Kugelpanzer: The Mysterious Nazi Ball Tank

Apr 25, 2022 0 comments

When the Soviet Union invaded Manchuria in 1945 after the atomic bombing of Hiroshima, the Red Army recovered a strange vehicle from the possession of the Japanese. It was a small armored vehicle in the shape of a circular drum with only enough room to hold a single person. Currently at the Kubinka Tank Museum in Kubinka, Moscow Oblast, the curious vehicle is referred to as the Kugelpanzer, and is the only known example of a ball tank.

Photo: Morpheios Melas/Wikimedia

It’s believed that that Kugelpanzer was manufactured by the Nazis in Germany and some time later, was delivered to Japan as part of Germany’s technology sharing scheme. The Japanese army took it to Manchuria during its invasion and was subsequently captured by the Russians. Because of the complete lack of documentation on Kugelpanzer, one can only imagine for what purpose this strange vehicle was used.

The Kugelpanzer is 1.5 meters tall and moved on massive rollers the same diameter as the vehicle’s height. It was manned by a single crew sitting on a motorcycle-style saddle on the inside. A small horizontal slit in the front of the vehicle afforded the driver with only a narrow field of vision, and a slot underneath the viewport could have been used to fire a single machine gun through. The armor on the vehicle is only 5 millimeters thick, which could provide protection only against small arms fire. Even its engine was weak—a single cylinder two-stroke engine that could power the vehicle to a meagre 5 miles an hour. There is a smaller wheel on the rear of the tank for steering and keeping the vehicle upright and stable.

Photo: Alan Wilson/Wikimedia

The Kugelpanzer’s construction makes it a useless offensive vehicle on the battlefields of World War II, and so it probably played a reconnaissance role, such as observing enemy movements, artillery positions or even laying cables. It has been suggested that the Kugelpanzer was a suicide vehicle meant to ram into enemy troops and tanks. The Japanese did, in fact, employ a number of specialized suicide weapons such as the Kaiten manned torpedo, the Shinyo motorboat units, and of course, the kamikaze airplanes. However, it is unlikely that Kugelpanzer was invented for suicide attacks, because it was produced by the Germans and not the Japanese, and suicide attacks were not part of Germanic warrior culture.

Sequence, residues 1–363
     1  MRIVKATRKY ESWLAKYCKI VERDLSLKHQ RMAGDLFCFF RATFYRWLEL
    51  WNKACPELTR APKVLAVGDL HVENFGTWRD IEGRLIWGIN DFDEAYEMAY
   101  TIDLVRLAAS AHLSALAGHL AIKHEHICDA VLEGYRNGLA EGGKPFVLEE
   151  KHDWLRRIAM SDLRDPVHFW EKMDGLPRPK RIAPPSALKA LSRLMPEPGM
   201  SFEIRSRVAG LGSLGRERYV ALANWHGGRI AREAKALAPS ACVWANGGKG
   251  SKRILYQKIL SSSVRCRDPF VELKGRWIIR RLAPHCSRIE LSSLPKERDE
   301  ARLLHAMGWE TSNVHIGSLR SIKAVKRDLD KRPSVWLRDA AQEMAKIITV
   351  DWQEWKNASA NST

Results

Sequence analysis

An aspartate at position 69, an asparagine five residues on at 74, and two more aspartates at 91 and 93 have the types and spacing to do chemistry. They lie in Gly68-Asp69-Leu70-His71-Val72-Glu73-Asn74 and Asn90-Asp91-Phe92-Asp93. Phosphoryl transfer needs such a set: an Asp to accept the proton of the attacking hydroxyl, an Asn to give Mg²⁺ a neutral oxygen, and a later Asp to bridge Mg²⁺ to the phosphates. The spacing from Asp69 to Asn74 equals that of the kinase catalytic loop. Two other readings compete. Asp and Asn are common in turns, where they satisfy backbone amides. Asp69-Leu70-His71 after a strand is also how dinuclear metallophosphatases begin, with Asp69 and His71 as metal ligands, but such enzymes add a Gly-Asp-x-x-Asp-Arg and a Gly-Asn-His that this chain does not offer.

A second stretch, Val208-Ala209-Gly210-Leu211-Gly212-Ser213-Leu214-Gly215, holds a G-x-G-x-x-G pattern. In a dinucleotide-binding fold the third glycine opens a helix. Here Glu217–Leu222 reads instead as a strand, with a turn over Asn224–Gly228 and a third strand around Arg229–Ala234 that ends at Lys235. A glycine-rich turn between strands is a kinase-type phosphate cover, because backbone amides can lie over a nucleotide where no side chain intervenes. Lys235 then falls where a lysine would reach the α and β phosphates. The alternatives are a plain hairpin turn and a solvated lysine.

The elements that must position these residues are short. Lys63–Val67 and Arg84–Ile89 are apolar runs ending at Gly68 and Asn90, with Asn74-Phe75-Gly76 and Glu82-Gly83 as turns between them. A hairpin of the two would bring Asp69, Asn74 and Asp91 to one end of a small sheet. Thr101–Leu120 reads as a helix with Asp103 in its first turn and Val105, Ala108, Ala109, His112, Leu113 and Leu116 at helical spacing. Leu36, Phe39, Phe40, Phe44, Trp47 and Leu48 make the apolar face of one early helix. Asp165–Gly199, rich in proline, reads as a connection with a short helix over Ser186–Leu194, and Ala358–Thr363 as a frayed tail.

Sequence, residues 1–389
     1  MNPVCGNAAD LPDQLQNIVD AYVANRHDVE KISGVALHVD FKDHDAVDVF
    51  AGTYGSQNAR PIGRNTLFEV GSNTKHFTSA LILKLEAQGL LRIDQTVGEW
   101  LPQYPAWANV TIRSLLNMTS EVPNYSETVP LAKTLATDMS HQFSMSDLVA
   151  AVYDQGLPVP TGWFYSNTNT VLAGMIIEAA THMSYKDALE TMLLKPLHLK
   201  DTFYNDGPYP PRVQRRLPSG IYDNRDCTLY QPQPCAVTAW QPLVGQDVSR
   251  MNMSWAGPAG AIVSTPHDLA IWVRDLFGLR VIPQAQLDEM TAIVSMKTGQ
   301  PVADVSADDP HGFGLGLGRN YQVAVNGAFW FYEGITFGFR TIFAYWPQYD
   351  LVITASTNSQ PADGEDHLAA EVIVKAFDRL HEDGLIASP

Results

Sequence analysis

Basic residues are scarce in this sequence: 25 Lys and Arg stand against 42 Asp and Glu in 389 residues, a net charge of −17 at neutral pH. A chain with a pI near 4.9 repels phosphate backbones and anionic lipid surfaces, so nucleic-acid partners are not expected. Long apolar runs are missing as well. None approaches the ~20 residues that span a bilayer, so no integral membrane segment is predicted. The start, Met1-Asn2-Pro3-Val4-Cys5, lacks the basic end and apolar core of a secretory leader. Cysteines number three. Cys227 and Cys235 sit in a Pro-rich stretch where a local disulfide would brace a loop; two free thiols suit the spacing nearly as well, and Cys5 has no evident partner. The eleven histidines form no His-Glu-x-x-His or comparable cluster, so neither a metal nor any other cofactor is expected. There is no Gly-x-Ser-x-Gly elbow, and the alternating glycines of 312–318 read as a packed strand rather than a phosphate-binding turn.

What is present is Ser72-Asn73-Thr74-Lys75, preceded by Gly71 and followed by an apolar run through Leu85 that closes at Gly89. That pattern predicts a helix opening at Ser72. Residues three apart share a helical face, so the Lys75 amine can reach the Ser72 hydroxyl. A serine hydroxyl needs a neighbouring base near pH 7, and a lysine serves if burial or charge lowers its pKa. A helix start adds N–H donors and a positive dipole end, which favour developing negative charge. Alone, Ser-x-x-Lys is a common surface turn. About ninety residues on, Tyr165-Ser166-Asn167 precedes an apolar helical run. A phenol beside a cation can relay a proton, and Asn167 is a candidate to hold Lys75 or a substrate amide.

Another theory is that the Kugelpanzer was an infantry support weapon, that could traverse the no-man’s land in a way that heavy armored vehicles could not. The vehicle’s large wheels, light weight, and low center of gravity are excellent characteristics for climbing over vertical obstacles and traversing ditches. The vehicle was probably invented before the war, probably as early as World War 1, when the ability to negotiate craters and trench-strewn battlefields was far more important than speed. But when the pace of war changed in Europe, the Germans realized the futility of the design and shipped it to the Japanese.

Photo: Alf van Beem/Wikimedia

The Kugelpanzer’s true purpose can only be speculated because there are no documents, and even if they exist, it is locked somewhere in Moscow’s military archives. The tank itself, until very recently, sat hidden behind a Tiger I. Its original olive green paint was covered in a gloss-grey, and its internal components, including the engine, were removed. Taking metallurgical samples is forbidden, so even after more than 75 years, no one knows what it is even made of.


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